Peace,

Silver
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DiabloLoco

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Re: Signs of the Greater Depression
« Reply #521 on: November 23, 2015, 02:36:35 pm »

Great post Silver. Thanks for chiming in. :thumbsup:
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knobster

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Re: Signs of the Greater Depression
« Reply #522 on: November 24, 2015, 06:40:25 am »

Caterpillar (CAT) reported a 16% decline in worldwide retail sales last week.  CAT's sales have fallen for 35 straight months; they fell for 19 months after the crisis of 2008, and that was a record at the time. Caterpillar makes the heavy equipment used to build mines, roads, railroads, and construction of all kinds.  CAT's US sales fell 8%, but China was down 28%, Latin America down 36%.

I have a good friend who is a parts manager at CAT.  She said the overall mood there is very somber.  A few years ago CAT implemented a 3-week furlough every summer to avoid layoffs - didn't help though, still plenty of folks being let go.  Voluntary early retirement packages are always available.  She just told me a week ago that there was a CAT buyout.  No details other than those two words.  She used to have a crew of a couple dozen folks.  She is down to four.

Interesting times we live in.
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DiabloLoco

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Re: Signs of the Greater Depression
« Reply #523 on: November 24, 2015, 10:10:10 am »

Caterpillar (CAT) reported a 16% decline in worldwide retail sales last week.  CAT's sales have fallen for 35 straight months; they fell for 19 months after the crisis of 2008, and that was a record at the time. Caterpillar makes the heavy equipment used to build mines, roads, railroads, and construction of all kinds.  CAT's US sales fell 8%, but China was down 28%, Latin America down 36%.

I have a good friend who is a parts manager at CAT.  She said the overall mood there is very somber.  A few years ago CAT implemented a 3-week furlough every summer to avoid layoffs - didn't help though, still plenty of folks being let go.  Voluntary early retirement packages are always available.  She just told me a week ago that there was a CAT buyout.  No details other than those two words.  She used to have a crew of a couple dozen folks.  She is down to four.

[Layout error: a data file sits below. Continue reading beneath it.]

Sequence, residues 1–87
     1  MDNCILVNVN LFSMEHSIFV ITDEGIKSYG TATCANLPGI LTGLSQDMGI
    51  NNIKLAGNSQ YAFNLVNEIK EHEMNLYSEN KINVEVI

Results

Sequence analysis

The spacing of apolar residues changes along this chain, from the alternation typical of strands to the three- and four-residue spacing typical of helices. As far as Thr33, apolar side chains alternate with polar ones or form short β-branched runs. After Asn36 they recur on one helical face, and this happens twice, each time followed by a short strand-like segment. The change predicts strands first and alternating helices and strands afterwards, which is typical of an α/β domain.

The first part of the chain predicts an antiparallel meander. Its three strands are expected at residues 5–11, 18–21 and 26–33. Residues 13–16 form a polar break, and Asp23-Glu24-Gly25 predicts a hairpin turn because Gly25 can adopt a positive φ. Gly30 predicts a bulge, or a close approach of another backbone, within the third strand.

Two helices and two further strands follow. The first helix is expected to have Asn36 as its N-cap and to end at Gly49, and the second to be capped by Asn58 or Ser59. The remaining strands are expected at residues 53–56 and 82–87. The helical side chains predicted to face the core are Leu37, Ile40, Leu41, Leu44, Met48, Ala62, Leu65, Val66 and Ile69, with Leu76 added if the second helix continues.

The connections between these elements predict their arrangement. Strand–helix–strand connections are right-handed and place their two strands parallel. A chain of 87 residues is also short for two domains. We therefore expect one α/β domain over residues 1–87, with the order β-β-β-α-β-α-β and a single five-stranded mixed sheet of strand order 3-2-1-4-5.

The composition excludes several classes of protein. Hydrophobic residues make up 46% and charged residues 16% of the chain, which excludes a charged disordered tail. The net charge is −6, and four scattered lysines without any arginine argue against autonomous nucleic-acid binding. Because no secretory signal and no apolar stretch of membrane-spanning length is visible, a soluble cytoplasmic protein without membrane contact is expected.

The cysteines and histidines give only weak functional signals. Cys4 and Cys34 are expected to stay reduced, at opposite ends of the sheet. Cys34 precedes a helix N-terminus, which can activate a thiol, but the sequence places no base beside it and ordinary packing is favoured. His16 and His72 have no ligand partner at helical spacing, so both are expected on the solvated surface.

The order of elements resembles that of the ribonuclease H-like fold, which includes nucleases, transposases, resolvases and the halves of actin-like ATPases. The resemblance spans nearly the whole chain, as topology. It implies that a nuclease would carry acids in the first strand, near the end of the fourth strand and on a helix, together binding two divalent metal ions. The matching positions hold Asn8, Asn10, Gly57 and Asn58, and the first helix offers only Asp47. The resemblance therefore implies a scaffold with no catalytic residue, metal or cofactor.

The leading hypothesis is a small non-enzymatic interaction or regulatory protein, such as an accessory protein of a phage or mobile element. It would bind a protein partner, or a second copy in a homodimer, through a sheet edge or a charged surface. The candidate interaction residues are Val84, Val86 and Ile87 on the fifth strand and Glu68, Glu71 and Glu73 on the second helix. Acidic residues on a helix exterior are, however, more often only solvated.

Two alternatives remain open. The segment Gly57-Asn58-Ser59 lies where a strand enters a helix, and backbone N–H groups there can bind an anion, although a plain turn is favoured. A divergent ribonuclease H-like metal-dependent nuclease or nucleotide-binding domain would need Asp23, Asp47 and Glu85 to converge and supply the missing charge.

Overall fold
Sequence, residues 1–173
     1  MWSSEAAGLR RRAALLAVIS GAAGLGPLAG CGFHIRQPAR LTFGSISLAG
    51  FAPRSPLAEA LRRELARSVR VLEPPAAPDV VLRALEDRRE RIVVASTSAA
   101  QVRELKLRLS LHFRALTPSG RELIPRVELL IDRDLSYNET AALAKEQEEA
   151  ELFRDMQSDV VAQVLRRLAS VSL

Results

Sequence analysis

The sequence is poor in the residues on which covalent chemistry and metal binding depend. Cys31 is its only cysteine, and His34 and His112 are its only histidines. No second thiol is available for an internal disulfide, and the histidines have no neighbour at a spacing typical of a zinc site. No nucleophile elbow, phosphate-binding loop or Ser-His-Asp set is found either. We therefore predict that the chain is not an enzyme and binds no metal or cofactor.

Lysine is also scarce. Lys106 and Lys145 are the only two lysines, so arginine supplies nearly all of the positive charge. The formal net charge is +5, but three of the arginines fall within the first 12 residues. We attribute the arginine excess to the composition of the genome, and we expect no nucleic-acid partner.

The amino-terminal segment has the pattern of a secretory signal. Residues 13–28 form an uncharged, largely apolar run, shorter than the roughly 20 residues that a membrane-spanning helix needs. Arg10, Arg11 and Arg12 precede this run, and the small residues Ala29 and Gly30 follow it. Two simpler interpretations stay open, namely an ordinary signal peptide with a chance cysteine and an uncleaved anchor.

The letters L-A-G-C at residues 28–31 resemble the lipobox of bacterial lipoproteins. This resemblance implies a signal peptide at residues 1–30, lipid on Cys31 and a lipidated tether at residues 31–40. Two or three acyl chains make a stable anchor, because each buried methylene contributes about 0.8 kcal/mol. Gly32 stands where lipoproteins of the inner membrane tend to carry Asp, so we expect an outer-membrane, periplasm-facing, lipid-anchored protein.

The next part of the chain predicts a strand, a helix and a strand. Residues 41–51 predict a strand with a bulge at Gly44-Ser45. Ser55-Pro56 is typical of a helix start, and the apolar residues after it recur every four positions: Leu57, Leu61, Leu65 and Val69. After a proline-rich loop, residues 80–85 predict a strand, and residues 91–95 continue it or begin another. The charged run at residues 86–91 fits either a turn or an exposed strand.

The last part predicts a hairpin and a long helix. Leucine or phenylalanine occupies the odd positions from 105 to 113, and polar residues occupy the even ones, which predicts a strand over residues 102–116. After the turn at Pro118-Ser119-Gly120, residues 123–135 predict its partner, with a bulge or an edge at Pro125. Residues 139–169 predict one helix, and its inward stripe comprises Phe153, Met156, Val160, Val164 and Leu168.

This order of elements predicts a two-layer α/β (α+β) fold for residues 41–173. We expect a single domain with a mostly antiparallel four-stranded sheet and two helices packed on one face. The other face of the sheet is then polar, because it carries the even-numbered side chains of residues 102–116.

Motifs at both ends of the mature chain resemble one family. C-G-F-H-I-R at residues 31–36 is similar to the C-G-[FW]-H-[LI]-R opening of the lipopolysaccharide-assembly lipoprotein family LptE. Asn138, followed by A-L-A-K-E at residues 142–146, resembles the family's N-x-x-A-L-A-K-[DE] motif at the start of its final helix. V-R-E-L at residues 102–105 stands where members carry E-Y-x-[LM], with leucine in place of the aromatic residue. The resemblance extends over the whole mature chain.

Interesting times we live in.
But, but, but, the MSM says that everything is hunky-dory and that things are great all over! ;p

Seriously though, you hear all this talk about the "high value of the dollar". That's just plain BS. It's valued high compared to other currencies that are doing crappy too. Big deal! It's a race to the bottom. When it finally hits the bottom, the shock waves will reverberate for generations. WW3 is being fought right now, just not with tanks, planes, and ships. It's economic warfare. Being waged against the plebes by TPTB. All you can do to survive long-term, is distance yourself from their rigged system in any way that you can.

EDIT

I just saw this article over at coinflation and thought that it really exemplified the point that I was trying to make with my post.

How is it possible that the dollar is rising and falling at the same time?

https://www.sovereignman.com/trends/how-is-it-possible-that-the-dollar-is-rising-and-falling-at-the-same-time-18264/

Quote
In astronomy, there’s an important concept known as ‘parallax’, which refers to how a star’s position appears to change based on the position and motion of the observer.

The earth is constantly moving along its orbit around the sun. And as this happens, the position of a star in the night’s sky will appear to change slowly, gradually over time.